UVF name murdered loyalist as Ballymurphy sniper
A VETERAN UVF commander, who was murdered by the INLA in 1994, is alleged to have been the sniper whose name is to be passed to the Coroners Service ahead of an inquest into the Ballymurphy massacre.
Trevor King was a 'lieutenant-colonel' in the paramilitary group when he was fatally injured in a gun attack on the Shankill Road on June 16, 1994.
Colin 'Crazy' Craig also died in the attack along with David Hamilton who was seriously injured and died the following day. King who was later honoured in a UVF mural on the Shankill, died in hospital three weeks later.
He had previously been jailed for the sectarian killings of Gerard McClenaghan and Anthony Molloy. Both men were murdered in 1975 in separate gun attacks. The convictions were based on supergrass evidence.
He was jailed for UVF membership in 1972, the year after 10 people were killed in three days of violence that became known as the Ballymurphy massacre. A Catholic priest and a mother-of-eight were among the casualties.
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While it was previously rumoured that loyalists were involved in the shootings, relatives believe British soldiers positioned on top of flats in the loyalist Springmartin estate, and shooting from the Henry Taggart army base, were responsible for the fatalities.
There were two regiments of British soldiers, the Queen's Own Regiment and the Parachute Regiment stationed in west Belfast at the time of the attack.
After a lengthy campaign by the families of those killed a fresh inquest, which is due to start in September, was secured.
On Wednesday it was reported that 'veterans' within the UVF had identified a gunman who they say was positioned at a vantage point in the Springmartin estate and who may have been responsible for a number of deaths and some of the injuries.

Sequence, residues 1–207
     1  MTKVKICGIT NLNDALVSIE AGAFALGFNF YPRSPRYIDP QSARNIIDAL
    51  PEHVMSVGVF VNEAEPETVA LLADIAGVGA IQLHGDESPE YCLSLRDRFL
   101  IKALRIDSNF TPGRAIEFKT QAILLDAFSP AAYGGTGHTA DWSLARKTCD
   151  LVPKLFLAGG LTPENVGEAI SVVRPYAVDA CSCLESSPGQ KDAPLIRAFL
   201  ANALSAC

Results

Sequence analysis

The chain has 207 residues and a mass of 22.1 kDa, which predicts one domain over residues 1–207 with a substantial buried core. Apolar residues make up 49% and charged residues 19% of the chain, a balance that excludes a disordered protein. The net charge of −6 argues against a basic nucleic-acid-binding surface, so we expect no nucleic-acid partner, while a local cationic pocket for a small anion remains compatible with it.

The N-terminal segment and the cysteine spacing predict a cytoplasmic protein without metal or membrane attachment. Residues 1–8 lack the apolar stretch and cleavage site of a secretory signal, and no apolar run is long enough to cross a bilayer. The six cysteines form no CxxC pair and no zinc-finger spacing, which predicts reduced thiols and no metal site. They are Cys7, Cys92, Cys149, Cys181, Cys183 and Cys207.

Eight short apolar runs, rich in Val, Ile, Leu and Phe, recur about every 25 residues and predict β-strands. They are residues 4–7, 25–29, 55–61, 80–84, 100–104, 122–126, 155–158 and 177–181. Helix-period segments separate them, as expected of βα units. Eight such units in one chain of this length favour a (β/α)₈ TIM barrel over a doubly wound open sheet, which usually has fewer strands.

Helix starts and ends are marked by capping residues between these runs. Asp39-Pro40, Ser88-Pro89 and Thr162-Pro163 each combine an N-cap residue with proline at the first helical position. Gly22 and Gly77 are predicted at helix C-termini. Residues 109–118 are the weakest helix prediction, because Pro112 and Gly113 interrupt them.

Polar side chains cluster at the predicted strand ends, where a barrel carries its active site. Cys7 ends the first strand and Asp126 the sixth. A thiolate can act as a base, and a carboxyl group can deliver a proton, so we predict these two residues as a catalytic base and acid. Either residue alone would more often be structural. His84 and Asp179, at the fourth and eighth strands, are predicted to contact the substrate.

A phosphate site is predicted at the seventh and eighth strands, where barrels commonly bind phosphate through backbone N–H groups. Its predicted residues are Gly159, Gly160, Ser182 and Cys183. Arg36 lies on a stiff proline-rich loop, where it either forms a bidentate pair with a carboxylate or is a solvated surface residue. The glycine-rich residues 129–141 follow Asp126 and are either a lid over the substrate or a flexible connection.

King's name and details of a rifle used, and its subsequent seizure by the authorities, is to be provided to the Coroners Service through a solicitor. He would only have been 18 year's-old at the time of the Ballymurphy shootings.
Progressive Unionist Party leader Billy Hutchinson described the revelation as a "significant move". He also called on the IRA to give information about what they know about activities of their members at that time.
Relatives of those who died said this week they were "sceptical" of the claims.
John Teggart, whose father Daniel (44) was one of the victims, said the paramilitary group was "not trying to help the families, they are trying to distract from what the focus needs to be on".
Trevor King was shot by an unmasked INLA gunman who got out of a car on the Shankill Road walked up to the crowd of loyalists and shot all three in the head or neck at close range.
It was later claimed there was collusion between the INLA and UVF who wanted Craig dead as he was believed to be an informer and was under investigation at the time.
There were also claims that King, who had been a gunman for the paramilitary group all his adult life, was opposed to the 1994 loyalist ceasefire which was called three months later.
In the days that followed a number of people were killed by the UVF in retaliation, including six people watching a World Cup football match at the Heights Bar in Loughinisland, Co Down.